Encouragement for Students Job Searching!

19 Feb

Students everywhere are beginning to feel the coming dread; summer ever approaches, nearer and nearer.  It is officially time to find internships and jobs for the summer.  The interview period has arrived, particularly for law students who are facing the early interviewing period at their law schools.  These are the weeks when the top law firms around the nation visit school after school looking for the best interviewees to hire on for the summer.  For those chosen, it means increased odds for an excellent/high-paying job after graduation.  For the rest, it means disappointment, rejection, and the continued need for determination and faith in oneself and the potentials of the world. 

As such, I thought I’d share this poem by Rudyard Kipling in honor of those students heading off for the wonderful world of applications, dressing up, and much praying.  His words of wisdom have gotten me through college applications, several job interviews, and every other time in my life when I needed a few drops of extra courage.  I actually have it pasted to a bulletin board in my bedroom so I have it on hand every day. Hope he does the same for you!  Good luck!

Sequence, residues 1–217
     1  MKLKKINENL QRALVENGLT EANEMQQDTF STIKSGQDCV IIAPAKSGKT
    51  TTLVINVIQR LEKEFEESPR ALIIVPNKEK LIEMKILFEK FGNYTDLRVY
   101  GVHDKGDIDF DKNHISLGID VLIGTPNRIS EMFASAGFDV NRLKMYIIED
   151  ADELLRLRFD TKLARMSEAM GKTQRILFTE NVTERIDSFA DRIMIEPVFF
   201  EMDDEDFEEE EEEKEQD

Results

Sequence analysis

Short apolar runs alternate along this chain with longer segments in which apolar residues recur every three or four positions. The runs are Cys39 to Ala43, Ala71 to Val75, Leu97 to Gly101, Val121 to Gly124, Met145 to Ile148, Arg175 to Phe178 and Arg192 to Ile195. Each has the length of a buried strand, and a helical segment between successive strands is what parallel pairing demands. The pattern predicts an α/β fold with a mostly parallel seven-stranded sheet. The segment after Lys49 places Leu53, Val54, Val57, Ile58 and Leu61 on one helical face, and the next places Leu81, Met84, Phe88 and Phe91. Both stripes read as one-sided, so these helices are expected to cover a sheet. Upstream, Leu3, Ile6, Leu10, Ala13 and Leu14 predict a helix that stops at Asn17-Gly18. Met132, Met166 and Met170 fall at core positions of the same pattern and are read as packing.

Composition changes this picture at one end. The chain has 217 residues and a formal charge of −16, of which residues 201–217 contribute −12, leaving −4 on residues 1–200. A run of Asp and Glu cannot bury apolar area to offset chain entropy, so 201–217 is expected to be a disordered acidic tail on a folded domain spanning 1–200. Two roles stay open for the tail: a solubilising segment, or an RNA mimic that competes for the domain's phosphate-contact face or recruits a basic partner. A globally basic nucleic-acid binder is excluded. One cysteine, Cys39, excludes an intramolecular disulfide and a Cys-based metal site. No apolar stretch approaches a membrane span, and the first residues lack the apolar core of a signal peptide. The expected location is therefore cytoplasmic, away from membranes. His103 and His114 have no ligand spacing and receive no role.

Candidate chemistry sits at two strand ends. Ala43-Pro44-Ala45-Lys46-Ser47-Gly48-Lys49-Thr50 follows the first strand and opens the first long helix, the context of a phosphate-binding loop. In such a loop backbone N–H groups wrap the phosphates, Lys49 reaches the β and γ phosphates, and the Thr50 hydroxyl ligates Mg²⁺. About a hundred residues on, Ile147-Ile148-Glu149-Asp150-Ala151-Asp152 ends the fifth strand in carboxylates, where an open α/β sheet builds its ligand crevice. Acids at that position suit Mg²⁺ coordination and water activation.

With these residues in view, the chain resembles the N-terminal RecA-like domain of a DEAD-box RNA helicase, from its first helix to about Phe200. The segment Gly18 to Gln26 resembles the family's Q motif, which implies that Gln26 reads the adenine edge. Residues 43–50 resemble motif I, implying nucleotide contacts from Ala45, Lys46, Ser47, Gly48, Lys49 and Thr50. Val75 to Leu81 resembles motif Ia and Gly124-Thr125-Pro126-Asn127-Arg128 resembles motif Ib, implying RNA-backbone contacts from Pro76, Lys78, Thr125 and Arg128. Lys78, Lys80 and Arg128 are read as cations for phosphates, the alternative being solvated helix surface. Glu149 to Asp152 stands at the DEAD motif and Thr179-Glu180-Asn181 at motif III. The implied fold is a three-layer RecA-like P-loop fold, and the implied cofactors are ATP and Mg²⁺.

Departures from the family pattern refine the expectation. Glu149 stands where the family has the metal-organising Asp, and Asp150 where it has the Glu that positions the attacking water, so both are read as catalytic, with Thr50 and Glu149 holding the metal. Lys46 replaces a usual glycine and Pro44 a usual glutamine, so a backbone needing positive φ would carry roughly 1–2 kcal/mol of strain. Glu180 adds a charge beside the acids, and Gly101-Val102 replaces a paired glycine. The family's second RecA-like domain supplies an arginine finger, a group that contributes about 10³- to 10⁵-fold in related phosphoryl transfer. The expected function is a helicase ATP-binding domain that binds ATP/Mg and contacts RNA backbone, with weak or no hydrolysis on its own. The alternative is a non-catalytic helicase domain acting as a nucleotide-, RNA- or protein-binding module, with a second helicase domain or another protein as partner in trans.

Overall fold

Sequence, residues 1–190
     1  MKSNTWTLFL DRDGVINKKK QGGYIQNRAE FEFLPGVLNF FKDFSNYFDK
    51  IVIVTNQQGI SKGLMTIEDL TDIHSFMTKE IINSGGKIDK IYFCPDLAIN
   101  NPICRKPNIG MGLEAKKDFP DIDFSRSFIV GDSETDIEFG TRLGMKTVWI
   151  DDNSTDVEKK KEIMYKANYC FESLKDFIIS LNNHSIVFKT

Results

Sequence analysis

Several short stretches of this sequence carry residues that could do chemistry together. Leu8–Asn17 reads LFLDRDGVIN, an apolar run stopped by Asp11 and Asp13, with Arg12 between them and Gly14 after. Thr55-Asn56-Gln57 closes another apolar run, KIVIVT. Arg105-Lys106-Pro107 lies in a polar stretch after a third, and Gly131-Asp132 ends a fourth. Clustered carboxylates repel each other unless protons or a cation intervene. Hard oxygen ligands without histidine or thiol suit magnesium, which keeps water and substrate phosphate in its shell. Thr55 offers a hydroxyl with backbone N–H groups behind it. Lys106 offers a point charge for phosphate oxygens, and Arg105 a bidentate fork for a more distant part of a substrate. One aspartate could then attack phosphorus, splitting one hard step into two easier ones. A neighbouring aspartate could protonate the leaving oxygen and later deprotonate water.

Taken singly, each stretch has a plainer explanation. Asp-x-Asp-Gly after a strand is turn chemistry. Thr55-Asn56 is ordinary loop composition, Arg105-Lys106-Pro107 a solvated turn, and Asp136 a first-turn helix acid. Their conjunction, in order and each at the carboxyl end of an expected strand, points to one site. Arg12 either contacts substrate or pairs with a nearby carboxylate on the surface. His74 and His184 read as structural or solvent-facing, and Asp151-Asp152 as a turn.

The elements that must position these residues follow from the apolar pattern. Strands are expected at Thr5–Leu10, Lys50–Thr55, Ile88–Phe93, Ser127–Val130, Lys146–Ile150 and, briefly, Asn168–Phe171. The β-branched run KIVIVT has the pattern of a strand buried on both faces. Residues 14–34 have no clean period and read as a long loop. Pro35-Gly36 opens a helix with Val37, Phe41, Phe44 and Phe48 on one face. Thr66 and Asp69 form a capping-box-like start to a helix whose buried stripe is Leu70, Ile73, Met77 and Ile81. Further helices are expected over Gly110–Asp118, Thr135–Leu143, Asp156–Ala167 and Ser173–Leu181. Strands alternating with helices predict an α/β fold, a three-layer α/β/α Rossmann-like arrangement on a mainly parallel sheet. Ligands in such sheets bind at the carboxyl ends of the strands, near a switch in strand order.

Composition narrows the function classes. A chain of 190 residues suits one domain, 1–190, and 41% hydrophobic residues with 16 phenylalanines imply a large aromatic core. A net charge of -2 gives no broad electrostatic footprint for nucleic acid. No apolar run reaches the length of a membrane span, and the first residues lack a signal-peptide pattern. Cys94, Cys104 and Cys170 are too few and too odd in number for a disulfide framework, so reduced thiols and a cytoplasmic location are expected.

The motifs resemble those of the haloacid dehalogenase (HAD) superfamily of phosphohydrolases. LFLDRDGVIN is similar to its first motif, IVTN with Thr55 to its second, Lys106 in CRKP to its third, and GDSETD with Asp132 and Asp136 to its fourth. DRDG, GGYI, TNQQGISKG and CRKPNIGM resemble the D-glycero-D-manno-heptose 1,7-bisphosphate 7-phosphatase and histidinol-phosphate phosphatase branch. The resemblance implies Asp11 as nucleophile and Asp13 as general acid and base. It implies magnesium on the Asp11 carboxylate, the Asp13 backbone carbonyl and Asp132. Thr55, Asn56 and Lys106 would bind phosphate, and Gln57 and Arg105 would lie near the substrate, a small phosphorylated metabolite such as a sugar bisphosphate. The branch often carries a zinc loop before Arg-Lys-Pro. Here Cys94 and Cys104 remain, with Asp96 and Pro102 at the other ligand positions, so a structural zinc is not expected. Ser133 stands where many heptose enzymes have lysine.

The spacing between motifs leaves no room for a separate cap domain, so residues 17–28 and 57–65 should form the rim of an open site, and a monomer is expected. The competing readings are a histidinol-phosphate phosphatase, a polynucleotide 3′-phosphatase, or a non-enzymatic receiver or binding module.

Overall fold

If

by Rudyard Kipling

If you can keep your head when all about you
Are losing theirs and blaming it on you.
If you can trust yourself when all men doubt you
But make allowance for their doubting too/
Or, being lied about, don’t deal in lies,
Or, being hated don’t give way to hating,
And yet don’t look too good, nor talk too wise.
 
If you can dream–and not make dreams your master;
If you can think–and not make thoughts your aim.
If you can meet with Triumph and Disaster
And treat those two impostors just the same.
If you can bear to hear the truth you’ve spoken
Twisted by knaves to make a trap for fools.
Or watch the things you gave your life to, broken,
And stoop and build them up with worn-out tools.
 
If you can make one heap of all your winning
And risk it on one turn of pitch-and-toss.
And lose, and start again at your beginnings,
And never breathe a word about your loss.
If you can force your heart and nerve and sinew
To serve your turn long after they are gone,
And so hold on when there is nothing in you
Except the Will which says to them: “Hold on!”
 
If you can talk with crowds and keep your virtue,
Or walk with Kings–nor lose the common touch.
If neither foes not loving friends can hurt you,
If all men count with you, but none too much.
If you can fill the unforgiving minute
With sixty seconds’ worth of distance run.
Yours is the Earth and everything that’s in it.
And–which is more–you’ll be a Man, my son!
 

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